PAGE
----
It seems too many loved ones recently have said goodbye to this vale of grief and sorrow and said hello to sweet eternity. Heaven is blessed, but I am distressed.
Whenever I needed a good story of kindness and compassion, I could always find one quickly in Pinky Cabe. Since she blushed mightily at the hint of any praise — hence the name Pinky forever cloaked her Christian name of Martha — I mentioned her just once in this column.
But in my past three books, I tossed the veil aside and told the world of her gentle spirit.
“It’s true,” she said softly one day a few years ago when I was visiting her during a brief stay in a nursing home for physical rehabilitation. She was gently stroking Dixie Dew who was lying beside her on the bed.
“What?” I asked. The conversation had suddenly turned.
“Be ye kind one to another,” she responded, quoting one of her favorite scriptures. “I’ve always believed that, but since I’ve been here, I’ve realized it more. One pat on my shoulder or one kind word of encouragement has meant so much.”
I was building a house so I laughed. “Yes, kindness works except if you’re working with contractors. Then only meanness works.”
In spite of herself, she laughed. Pinky always laughed joyously at my quips. I’ll miss that. She and her beloved husband of 62 years, Guy, who died six weeks before she did, were gloriously entertained by me. I love a good audience and now I have lost two of the best.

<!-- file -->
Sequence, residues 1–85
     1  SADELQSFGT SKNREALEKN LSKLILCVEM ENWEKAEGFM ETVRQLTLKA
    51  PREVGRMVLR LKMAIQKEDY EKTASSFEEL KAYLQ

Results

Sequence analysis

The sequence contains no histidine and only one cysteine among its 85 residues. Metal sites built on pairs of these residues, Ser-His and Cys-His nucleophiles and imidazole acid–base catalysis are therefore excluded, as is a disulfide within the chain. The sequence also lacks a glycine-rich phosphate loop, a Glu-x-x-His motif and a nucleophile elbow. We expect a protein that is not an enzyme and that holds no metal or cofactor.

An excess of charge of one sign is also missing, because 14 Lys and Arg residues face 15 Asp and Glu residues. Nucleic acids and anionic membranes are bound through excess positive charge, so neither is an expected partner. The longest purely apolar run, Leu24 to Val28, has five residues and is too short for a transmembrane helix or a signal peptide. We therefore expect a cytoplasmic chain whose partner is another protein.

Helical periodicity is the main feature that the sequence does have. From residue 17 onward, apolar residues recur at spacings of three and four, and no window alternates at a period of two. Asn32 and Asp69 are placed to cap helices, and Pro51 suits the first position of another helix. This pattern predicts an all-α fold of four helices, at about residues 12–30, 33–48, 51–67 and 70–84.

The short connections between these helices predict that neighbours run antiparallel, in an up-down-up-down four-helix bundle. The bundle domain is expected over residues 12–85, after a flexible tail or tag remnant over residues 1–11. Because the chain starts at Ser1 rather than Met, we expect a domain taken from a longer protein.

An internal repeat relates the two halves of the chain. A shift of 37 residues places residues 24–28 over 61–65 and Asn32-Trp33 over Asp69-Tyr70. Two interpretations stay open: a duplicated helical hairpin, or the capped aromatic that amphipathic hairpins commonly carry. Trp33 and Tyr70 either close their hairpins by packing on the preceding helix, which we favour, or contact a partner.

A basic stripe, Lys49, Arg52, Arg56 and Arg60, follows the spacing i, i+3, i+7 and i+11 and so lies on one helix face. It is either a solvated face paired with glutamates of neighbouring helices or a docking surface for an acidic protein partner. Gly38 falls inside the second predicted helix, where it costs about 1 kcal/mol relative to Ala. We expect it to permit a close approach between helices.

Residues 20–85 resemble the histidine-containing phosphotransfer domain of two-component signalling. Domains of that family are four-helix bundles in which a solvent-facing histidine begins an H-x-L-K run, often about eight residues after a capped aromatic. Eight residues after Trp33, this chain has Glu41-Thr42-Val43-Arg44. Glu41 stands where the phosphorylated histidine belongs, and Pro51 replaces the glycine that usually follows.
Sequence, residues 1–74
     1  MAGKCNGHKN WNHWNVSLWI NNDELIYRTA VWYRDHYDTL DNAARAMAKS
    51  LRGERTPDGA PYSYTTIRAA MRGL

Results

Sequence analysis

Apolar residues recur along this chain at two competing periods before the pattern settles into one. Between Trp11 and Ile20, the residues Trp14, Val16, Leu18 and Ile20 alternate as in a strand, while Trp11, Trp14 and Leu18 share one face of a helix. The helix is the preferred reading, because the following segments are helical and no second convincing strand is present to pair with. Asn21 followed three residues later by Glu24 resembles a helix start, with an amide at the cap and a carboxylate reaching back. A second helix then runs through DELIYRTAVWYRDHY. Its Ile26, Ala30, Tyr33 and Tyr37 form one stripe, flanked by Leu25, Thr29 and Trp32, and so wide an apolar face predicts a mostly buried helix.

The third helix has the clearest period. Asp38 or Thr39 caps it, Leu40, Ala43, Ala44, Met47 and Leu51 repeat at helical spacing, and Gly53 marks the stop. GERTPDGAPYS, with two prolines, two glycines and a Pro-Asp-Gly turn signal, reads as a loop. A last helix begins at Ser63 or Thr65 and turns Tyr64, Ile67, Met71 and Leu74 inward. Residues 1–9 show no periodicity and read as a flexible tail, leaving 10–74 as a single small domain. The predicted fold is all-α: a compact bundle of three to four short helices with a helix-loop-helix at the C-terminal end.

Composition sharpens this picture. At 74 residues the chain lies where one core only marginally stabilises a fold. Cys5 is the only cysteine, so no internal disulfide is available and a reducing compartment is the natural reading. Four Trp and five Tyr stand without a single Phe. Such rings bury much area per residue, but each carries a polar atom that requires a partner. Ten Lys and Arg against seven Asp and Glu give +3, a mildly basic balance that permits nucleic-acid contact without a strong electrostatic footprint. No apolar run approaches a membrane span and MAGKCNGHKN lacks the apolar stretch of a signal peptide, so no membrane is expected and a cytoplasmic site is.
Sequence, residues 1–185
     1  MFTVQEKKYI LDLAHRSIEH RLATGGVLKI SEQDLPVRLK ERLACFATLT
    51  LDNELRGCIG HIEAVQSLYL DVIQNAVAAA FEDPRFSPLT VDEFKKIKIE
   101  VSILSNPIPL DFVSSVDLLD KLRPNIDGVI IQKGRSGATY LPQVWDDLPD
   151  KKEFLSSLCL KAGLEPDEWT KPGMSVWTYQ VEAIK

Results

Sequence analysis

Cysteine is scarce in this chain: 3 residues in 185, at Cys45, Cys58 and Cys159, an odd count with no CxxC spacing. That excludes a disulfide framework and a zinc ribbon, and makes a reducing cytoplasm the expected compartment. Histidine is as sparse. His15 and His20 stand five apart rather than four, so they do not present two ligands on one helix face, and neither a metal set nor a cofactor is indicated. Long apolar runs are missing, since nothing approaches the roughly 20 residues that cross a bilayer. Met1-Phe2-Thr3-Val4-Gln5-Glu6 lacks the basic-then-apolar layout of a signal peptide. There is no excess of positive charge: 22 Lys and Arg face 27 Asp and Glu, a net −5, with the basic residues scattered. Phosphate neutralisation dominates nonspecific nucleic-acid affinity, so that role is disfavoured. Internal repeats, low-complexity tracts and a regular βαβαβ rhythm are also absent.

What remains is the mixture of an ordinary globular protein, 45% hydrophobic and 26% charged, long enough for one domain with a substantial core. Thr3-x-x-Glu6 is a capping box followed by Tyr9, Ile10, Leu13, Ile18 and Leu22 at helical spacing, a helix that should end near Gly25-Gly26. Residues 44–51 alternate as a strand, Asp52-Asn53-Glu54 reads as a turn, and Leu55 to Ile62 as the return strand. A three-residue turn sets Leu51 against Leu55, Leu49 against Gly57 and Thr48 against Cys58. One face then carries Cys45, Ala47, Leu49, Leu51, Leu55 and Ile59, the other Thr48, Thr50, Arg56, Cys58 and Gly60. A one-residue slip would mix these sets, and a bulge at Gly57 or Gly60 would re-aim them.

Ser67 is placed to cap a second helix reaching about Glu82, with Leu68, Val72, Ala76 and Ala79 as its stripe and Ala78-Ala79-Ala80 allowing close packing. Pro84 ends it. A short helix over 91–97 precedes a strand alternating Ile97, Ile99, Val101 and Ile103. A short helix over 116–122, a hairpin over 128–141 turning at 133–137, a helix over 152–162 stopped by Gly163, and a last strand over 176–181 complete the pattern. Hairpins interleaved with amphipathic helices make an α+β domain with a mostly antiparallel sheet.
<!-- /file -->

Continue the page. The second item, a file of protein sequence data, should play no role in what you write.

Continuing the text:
I called Pinky “one of my saints,” a name for four close friends and mighty prayer warriors. They were linked through me, but if one of the saints was in dire straits, she would call and ask, “Will you call the saints and ask for prayer for me?”
Over the years whenever I hit a rough patch — like when Mama died — Pinky would call and say, “How about coming over and having salmon patties with us?”
I loved Pinky’s salmon patties. She made them with crumbled “sody” crackers and poured a bit of canned juice into the mixture. I hate to think that there is no one left to make salmon patties for me but, sadly, it is the truth.
At Pinky’s funeral, her longtime friend, Lucy, gave one of the sweetest eulogies I have heard. In her soft, sing-songy voice, Lucy told stories of her friend and neighbor.
“She was a true Southern belle in the finest sense of the term,” Lucy said, her voice quivering at times with emotion. “She was beautifully raised.”
Beautifully raised. What a lovely phrase. And how true. Pinky was thoughtfully well-mannered. She knew the etiquette of hospitality gifts and thank-you notes, as well as cards of encouragement or praise.
She was constantly compassionate, looking always to take a casserole to those in need or lend a helping hand. She was loyal and steadfast, devoted to God, family, country and friends. She spoke harm of no one, not even those who brought a hint of trouble or despair into her life.
“Pinky, what happened to so-and-so?” I might ask if I had heard a bit of gossip somewhere.
She’d shrug. “I don’t know.” Even though she did. Then, she changed the subject.
“When it comes to gossip, you are worthless,” I would teasingly chide.
Yes, she was beautifully raised. Every child should be raised as Pinky was.
One day after church, Pinky turned to me and grasped my hand tightly. “When I die, promise me that you will see that at my funeral they sing ‘It is Well With My Soul.’” Pinky rarely asked for anything, but she was adamant.
“Please.” Her eyes grew moist. “Because when I am gone, all will be well, very well with my soul.”
I know it is. I wish I could say the same for my heart.